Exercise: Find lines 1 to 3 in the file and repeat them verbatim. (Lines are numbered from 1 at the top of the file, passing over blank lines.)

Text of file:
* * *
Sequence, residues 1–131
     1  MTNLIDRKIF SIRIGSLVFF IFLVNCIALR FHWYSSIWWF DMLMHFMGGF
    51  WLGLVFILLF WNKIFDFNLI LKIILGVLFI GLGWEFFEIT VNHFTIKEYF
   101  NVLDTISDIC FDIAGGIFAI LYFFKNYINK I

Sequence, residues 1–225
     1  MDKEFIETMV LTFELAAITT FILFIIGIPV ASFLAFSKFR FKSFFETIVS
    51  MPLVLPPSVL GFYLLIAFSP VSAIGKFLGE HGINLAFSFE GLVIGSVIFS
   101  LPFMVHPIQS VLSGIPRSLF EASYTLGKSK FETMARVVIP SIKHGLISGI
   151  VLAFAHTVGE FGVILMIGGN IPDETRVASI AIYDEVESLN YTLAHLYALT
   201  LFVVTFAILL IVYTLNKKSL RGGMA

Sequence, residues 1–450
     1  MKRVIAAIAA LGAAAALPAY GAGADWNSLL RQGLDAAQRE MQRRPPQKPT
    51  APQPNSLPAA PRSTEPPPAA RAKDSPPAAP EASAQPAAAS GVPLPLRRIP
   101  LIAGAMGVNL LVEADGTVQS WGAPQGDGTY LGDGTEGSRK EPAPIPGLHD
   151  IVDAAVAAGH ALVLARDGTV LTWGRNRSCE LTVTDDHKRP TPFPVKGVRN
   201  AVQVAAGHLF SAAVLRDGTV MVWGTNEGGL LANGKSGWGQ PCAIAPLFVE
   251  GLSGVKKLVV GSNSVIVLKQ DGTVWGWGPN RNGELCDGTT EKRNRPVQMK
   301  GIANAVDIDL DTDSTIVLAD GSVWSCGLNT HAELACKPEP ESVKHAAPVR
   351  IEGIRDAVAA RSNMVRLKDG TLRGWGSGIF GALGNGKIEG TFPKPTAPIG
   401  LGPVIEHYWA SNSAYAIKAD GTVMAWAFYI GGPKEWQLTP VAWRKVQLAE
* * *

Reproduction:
Sequence, residues 1–131
     1  MTNLIDRKIF SIRIGSLVFF IFLVNCIALR FHWYSSIWWF DMLMHFMGGF
    51  WLGLVFILLF WNKIFDFNLI LKIILGVLFI GLGWEFFEIT VNHFTIKEYF